Why Conventional Wisdom Gets It Wrong about Putting – Part 2 – Putting’s Contribution to Victory

Scott Sackett
Director of Instruction
McCormick Ranch Golf Club
Scottsdale, AZ

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This is Part 2 of my ongoing series surrounding Strokes Gained. The ideas in this tip put forth surround the Strokes Gained statistic, which uses PGA Tour ShotLink data across millions of shots to determine a player’s performance against the field in each category of play. Instead of trying to quantify your performance against fairways hit, greens in regulation and putts, which by the way isn’t at all an indicator of good or bad play, Strokes Gained quantifies fractional gains and totals them for Total Strokes Gained.  

Summarizing part 1, putting contributes to only 15% of a players total scoring advantage, while off the green shots contributed to the other 85%.  What about when a player wins? Is the overall contribution of putting significantly more or less?

How Important is Putting to Victory?
The numbers show that it’s possible to win with below-average putting, but victories on Tour almost NEVER happen with below-average ball striking.  In Part 1 we introduced “PCS” (Putting’s contribution to scoring) and in Part 2 we are introducing PCV or “Putting’s Contribution to Victory.

These stats were from 2004 through 2012, and is across at least 200 rounds of play. In the graph, you can begin to see the breakdown of PCV across all the victories on the PGA Tour between 2004 & 2012. On average, PCV is 35%, where off the green shots account for the remaining 65%. You can also see that there are quite a few victories where PCV is a very small % but also a very large %.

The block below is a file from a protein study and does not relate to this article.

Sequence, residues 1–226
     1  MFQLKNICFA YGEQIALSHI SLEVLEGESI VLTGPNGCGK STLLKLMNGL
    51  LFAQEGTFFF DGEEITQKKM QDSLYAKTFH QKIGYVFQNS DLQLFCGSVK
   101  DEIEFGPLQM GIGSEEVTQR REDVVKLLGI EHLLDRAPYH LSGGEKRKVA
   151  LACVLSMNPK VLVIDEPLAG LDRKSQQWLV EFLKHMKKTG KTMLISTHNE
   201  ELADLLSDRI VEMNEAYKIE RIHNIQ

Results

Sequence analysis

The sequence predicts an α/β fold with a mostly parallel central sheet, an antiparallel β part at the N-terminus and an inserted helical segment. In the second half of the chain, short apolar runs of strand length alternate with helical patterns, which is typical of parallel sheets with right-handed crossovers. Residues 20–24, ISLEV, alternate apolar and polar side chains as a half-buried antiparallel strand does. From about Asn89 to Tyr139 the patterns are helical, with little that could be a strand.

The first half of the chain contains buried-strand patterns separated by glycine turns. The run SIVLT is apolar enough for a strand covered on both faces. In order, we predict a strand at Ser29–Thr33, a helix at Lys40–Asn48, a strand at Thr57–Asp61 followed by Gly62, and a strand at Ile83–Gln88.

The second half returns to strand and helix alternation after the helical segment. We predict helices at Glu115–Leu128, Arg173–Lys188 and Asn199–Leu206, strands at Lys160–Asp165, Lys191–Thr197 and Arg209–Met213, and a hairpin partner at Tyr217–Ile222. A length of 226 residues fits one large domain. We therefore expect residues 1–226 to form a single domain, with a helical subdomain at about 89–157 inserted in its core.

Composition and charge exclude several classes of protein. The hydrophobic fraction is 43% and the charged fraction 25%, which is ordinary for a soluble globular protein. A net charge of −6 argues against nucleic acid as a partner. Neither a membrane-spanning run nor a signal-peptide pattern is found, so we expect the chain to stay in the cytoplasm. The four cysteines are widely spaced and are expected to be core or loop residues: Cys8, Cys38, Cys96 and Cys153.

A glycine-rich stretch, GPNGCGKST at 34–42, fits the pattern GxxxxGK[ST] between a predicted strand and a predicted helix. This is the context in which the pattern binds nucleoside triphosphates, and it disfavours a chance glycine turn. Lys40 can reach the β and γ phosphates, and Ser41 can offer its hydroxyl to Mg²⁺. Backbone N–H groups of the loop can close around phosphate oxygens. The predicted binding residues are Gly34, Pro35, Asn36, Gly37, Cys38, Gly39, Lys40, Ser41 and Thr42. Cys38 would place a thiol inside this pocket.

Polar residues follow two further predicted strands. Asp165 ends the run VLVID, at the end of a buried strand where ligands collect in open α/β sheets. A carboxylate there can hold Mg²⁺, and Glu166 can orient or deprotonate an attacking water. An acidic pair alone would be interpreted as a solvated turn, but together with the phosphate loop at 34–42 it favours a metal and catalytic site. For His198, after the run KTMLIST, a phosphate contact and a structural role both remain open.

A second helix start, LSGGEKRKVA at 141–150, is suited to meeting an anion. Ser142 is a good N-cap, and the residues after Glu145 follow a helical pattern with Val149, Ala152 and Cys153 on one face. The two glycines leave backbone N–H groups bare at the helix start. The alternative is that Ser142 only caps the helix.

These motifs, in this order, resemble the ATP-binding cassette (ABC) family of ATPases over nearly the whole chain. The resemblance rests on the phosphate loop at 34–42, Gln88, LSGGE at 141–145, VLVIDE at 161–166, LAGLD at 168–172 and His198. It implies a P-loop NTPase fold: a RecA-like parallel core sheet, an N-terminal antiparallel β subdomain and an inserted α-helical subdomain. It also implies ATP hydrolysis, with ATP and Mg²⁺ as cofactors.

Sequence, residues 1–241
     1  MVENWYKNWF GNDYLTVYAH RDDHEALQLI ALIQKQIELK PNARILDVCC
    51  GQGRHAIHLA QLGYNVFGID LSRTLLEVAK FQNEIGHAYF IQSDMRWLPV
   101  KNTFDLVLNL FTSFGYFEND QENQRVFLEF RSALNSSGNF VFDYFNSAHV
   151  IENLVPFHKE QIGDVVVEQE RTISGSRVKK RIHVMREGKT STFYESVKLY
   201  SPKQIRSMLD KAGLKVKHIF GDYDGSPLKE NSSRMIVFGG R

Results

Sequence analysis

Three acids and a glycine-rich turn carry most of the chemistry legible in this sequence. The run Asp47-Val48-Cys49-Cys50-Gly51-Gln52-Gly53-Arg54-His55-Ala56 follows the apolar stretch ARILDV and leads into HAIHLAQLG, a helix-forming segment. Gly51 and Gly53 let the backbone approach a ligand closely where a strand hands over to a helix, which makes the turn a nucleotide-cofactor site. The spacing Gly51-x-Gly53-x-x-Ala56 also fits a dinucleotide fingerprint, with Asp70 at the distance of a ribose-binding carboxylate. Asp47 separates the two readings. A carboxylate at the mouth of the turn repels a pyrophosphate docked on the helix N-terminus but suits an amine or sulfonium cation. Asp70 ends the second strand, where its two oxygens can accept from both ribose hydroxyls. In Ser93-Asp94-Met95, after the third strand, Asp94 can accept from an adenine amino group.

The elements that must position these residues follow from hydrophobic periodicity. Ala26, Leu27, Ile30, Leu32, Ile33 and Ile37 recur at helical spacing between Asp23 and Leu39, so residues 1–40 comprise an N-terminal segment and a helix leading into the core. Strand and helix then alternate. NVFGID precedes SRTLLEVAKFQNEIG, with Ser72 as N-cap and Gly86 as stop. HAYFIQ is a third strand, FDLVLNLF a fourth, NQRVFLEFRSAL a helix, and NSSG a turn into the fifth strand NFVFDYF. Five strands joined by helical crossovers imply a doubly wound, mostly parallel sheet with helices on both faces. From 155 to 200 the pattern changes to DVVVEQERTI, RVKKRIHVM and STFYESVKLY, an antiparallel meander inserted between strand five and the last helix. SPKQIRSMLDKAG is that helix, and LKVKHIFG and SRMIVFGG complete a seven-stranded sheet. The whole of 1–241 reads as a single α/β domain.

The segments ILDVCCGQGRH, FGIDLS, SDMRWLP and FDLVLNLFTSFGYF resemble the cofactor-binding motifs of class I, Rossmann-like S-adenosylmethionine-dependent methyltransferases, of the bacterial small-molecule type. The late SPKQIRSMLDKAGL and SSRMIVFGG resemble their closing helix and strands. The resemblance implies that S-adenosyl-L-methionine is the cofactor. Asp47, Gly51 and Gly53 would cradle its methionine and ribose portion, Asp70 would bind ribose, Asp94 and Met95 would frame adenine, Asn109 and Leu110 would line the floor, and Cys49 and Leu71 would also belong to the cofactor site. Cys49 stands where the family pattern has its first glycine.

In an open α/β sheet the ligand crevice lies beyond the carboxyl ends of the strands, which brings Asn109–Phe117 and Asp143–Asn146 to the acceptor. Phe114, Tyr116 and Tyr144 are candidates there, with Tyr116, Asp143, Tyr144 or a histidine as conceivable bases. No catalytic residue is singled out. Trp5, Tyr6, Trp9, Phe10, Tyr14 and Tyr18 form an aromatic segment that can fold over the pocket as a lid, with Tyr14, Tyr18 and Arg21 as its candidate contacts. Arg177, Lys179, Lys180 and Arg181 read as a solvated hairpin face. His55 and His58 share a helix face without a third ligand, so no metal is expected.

This next image, the ranking chart is one of my favorite pieces of statistical knowledge. Every one of these players won a PGA event and are ranking by the PCV, which is the far-RIGHT column. There are 3 groupings. The first 8 are players who won BECAUSE of their putting. The middle 8 is an average representative of PCV and players won due to superior Off green strokes & better than average putting. The last 8 are players who won with poor putting. The two poles of this chart are Bill Haas, who won the 2011 Tour Championship with a PCV of 114% and Vijay Singh, who won the 2008 WGC-Bridgestone with a PCV of -37%. 

Moral of the story is that putting contributes to about 1/3 of a player’s advantage against the field when winning on the PGA Tour.

Stay tuned for Part 3 on Strokes Gained. 

Follow Scott on Instagram @scottsackettgolf.  Scott Sackett, GOLF Magazine Top 100 Teacher the past 14 years. Voted as one of Golf Digest’s Best Teacher in the State the past 21 years. Trackman Master Instructor. Titleist Certified Club Fitter. Director of Instruction at Park Meadows CC in Park City, Utah and while in Scottsdale, he teaches private lessons at McCormick Ranch Golf Club. The Scott Sackett Signature Schools take place at SunRidge Canyon Golf Club. Email: scott@scottsackett.com Site URL: https://www.scottsackett.com.